They always burnt the grass after the circus left town. Cauterising the ground. Erasing any evidence of them. Like a guilty, dirty little secret. I remember. It was in the spare lot on the estate and my sister and I would go there. Later. After the heat was gone. Looking for coins. Or jewelry. Or any treasure that had fallen carelessly to the grassy floor of the big top. And remained. Through the matinees and evening performances, under the feet of the towns children and beyond the reach of the monkeys.
I found a sooty crucifix once. I kept it in my ballerina jewelry box. Feeling a small tingle when I touched it. It’s an old memory. So ancient that it is a relic of a primal and pagan past. A time when wild animals were tamed for our pleasure. Living and working in a relentless cycle of performing and travelling. Not like now. No animals are harmed in the making of the circus. In Australia. Anymore.
No, not anymore. We can watch the circus from the elevated position of our high moral ground. Safe in the knowledge that all is well. For the animals. That are no longer caged. We can go to the zoo for that. Or the supermarket. Or MacDonalds. Well not caged exactly, vacuum packed really.
I eat chicken Parmigiana. I love it so much, I order it at any opportunity. But something is troubling me. I think it’s my cat. Who isn’t mine. Aside from her carnivorous tendency to predate on frogs, which is an exceptional and unnecessary burden placed daily on my ‘do no harm’ Zen. It’s about her feelings. She has many.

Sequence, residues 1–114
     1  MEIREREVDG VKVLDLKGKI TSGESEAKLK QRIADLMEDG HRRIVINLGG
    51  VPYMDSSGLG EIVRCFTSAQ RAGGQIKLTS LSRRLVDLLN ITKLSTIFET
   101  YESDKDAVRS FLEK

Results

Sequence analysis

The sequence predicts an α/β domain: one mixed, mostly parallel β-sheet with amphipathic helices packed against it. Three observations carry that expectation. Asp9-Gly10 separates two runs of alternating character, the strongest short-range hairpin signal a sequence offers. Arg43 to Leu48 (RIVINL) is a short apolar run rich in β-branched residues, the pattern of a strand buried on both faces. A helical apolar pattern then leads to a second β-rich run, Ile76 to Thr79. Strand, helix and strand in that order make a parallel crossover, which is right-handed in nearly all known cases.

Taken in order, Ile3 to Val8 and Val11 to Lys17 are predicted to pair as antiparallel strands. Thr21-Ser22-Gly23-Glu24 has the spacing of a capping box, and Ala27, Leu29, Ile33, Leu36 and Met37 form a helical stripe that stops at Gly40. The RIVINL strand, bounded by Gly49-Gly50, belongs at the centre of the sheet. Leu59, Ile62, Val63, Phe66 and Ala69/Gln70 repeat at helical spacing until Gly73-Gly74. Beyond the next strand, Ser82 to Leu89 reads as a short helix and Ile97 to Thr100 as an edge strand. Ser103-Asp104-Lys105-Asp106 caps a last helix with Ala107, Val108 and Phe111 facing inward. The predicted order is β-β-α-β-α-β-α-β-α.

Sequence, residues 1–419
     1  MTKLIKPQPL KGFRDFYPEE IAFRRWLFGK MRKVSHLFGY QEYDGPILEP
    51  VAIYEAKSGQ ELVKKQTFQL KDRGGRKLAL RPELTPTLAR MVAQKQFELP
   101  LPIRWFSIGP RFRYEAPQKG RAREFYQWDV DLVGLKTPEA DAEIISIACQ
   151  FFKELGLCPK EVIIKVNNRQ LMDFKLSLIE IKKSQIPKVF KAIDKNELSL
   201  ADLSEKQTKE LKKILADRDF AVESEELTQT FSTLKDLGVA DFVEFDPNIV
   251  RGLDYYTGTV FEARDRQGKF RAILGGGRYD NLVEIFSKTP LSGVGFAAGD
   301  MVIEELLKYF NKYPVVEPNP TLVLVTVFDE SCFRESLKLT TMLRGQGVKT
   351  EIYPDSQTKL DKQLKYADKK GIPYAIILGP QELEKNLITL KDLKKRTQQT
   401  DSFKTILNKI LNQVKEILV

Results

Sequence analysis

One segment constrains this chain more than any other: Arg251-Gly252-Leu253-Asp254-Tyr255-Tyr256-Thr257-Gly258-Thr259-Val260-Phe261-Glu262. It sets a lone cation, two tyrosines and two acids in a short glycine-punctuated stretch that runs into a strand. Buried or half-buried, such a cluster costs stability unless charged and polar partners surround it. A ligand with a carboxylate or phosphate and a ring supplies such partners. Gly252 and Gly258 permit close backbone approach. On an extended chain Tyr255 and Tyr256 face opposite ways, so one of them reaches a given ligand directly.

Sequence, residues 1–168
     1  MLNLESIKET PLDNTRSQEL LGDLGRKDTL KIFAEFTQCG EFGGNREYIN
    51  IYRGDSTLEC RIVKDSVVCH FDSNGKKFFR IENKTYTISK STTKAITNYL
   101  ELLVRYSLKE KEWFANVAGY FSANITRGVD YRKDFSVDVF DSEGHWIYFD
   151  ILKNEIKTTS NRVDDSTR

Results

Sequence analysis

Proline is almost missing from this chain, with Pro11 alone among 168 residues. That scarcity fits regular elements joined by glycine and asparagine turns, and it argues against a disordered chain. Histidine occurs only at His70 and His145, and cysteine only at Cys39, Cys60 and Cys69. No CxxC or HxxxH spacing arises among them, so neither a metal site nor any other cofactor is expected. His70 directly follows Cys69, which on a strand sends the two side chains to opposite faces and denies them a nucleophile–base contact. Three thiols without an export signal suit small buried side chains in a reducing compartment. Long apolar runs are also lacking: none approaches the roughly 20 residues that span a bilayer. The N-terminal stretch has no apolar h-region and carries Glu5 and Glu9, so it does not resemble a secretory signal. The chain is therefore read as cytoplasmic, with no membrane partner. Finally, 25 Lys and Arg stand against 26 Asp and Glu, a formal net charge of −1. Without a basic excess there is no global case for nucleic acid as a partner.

A man who wrote his thesis on the rights of elephants in Sri Lanka once said ‘I started out writing about the rights of people, studying the loss of humanity during conflict and I gave up, I gave up on people. Now I choose to think about the dignity of animals instead’. Looking at my cat I’m wondering if I’m there. If I’m giving up on people too. I think I’m on a continuum between human rights activist and crazy cat lady, inching closer to crazy daily. Much closer.
So I’m back at the circus. Heading for the big top. The fairy floss. The bench seats. I hurry everyone along. My pagan past is snapping at my heels. I can feel the sooty crucifix and smell the unmistakable scent of caged animals. I nearly trip on my own desire. To feel the seduction of the exotic other. The lure of the time before knowing. Before the burden of awareness.
As the lights dim and the music starts I glance at the faces of my companions. My family. Up and down the generations. In that dusky light I see them. Rapt. Expectant. Shivering with anticipation. And I smile.
Here we all are. Tamed for their pleasure.